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Hustles, Farces And Fantasies

White Men Can't Jump. But they can make very entertaining movies, especially if the white man in question is writer/director Ron Shelton, creator of the wonderful "Bull Durham." His new comedy, with Wesley Snipes and Woody Harrelson as a couple of L.A. basketball hustlers whose partnership does not exclude hustling each other, has a fairly perfunctory plot (tension is supplied by two thugs trying to collect Harrelson's debts). But Shelton's strength is character, streetwise wit and funky, lived-in sexuality. Snipes, one of our most versatile young actors, gets to demonstrate his wonderful comic chops, and Harrelson, whose goofiness is part of his scam, partners him beautifully. Sweet and tangy Rosie Perez almost steals the show as the white boy's tippling girlfriend, who amasses an amazing almanac of facts in anticipation of winning a bundle on "Jeopardy!" Propelled by a hip, soulful soundtrack, packed with fast basketball action and fresh glimpses of an L.A. far off the 90210 map, "White Men Can't Jump" is a minor-league movie that spins off major-league pleasures. It's a kind of pickup game itself, running on competitive energy-between men and women, black and white, player and player. It may not, finally, add up to much-Shelton's more concerned with inside moves and flashy passes-but when it's cooking it gives off a fine adrenaline high.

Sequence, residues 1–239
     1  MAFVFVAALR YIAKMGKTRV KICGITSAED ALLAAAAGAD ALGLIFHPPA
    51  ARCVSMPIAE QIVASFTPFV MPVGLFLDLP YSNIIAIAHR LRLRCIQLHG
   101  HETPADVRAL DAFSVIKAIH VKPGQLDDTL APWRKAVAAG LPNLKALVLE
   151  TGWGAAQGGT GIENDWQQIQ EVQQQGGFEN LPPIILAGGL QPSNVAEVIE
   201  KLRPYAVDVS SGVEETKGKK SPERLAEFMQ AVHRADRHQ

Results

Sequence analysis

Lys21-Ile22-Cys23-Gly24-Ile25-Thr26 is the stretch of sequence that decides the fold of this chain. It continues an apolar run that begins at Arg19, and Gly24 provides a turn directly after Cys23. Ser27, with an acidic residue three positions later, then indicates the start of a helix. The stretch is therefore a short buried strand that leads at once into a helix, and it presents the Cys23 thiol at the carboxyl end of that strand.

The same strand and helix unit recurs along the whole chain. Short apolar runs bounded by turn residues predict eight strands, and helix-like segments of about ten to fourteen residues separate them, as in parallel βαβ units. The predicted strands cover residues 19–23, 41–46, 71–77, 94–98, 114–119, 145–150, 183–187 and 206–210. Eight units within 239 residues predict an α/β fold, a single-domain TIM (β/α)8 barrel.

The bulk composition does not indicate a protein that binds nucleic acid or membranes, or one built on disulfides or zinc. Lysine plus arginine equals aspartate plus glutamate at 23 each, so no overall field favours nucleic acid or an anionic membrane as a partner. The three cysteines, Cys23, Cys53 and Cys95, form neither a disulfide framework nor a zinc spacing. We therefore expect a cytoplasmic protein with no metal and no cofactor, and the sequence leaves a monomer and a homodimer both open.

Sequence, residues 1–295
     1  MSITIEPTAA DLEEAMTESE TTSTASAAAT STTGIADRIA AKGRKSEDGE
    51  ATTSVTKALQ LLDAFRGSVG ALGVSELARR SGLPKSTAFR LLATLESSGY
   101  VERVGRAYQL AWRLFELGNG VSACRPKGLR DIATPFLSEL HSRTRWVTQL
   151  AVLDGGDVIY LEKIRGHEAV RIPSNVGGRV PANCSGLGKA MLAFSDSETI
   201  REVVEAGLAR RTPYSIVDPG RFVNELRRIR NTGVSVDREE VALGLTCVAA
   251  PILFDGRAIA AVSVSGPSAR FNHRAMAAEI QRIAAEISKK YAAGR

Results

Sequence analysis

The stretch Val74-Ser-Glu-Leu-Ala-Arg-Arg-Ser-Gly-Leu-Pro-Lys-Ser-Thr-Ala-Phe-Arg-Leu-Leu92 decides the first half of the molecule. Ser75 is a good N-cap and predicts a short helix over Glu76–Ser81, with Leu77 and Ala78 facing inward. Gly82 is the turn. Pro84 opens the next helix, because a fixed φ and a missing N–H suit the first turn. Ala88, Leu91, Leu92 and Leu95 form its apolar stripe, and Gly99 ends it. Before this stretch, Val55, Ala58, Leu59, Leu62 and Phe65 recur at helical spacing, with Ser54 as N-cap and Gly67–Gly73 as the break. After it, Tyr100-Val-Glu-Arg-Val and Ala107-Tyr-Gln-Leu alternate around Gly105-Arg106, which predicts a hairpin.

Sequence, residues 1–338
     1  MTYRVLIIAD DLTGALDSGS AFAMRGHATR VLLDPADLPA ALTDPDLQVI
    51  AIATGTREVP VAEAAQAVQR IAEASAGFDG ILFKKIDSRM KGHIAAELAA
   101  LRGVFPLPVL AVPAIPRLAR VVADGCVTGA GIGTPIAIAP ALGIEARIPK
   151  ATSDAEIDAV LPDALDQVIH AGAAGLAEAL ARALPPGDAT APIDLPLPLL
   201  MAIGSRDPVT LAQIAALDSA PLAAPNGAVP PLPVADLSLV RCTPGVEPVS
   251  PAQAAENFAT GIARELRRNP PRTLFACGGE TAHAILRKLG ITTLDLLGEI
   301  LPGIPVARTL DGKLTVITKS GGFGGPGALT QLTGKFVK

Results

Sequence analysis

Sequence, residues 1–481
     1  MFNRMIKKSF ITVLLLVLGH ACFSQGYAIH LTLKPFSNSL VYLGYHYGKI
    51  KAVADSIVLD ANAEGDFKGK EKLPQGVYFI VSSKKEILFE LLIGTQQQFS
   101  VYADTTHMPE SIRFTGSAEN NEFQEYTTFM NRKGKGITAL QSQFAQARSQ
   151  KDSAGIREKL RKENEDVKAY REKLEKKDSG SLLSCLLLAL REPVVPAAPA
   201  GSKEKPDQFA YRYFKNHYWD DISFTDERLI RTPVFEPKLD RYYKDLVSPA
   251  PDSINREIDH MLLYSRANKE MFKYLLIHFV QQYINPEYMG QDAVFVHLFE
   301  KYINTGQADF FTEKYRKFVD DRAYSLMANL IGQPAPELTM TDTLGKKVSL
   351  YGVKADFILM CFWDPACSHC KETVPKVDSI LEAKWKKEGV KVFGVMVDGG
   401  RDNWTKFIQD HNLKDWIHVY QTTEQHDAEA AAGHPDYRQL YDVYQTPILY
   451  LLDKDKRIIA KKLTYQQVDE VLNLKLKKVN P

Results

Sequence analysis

People seeing Peter Bogdanovich's version of Michael Frayn's clockwork farce might find it hard to believe that the Broadway show, under Michael Blakemore's direction, was twice as funny as the movie. It was. But the movie happens to be twice as funny as anything else around. Frayn's fiendishly clever concoction is both a sendup of bedroom farce and its apotheosis. The first act shows you the rehearsal of a pathetic British farce performed by a disasterprone troupe of actors; the second gives you the backstage view of the action, which is even more convoluted than the play itself. A Rube Goldberg contraption that self-destructs with awesome comic precision, "Noises Off " unavoidably loses some of its brilliance on film: much of the fun was the suspense of seeing live actors survive the daredevil demands of the slapstick. Still, Bogdanovich's frenetic transplant-Americanized by writer Marty Kaplan-supplies so many belly laughs it seems ill-spirited to complain. The big, hardworking cast includes Michael Caine as the show's beleaguered director, and Carol Burnett, Christopher Reeve, John Ritter, Marilu Henner, Denholm Elliott and Nicollette Sheridan as the bedraggled players. No farce lover should miss it.

Belgian director Jaco Van Dormael makes his dazzlingly inventive debut with this intricately constructed tale of an old man, Thomas (Michel Bouquet), reliving a life he feels was stolen from him. Convinced, against reason, that he was switched at birth with a rich neighbor's child, he's bent on last-minute revenge, and his mind wanders back to his turbulent childhood, his blighted romance with a woman who seems the reincarnation of his beloved sister and into the fantasy world of his alter ego, Toto the secret agent. Though the tale is streaked with tragedy, what comes through most strongly is the filmmaker's exuberance in the face of life's absurdity. This glittering mosaic is strongest in its evocation of the magical universe of childhood, weakest in its adult psychology. In toto, there may be less here than meets the eye, but what a show for the eyes it is. Van Dormael gives great surface.

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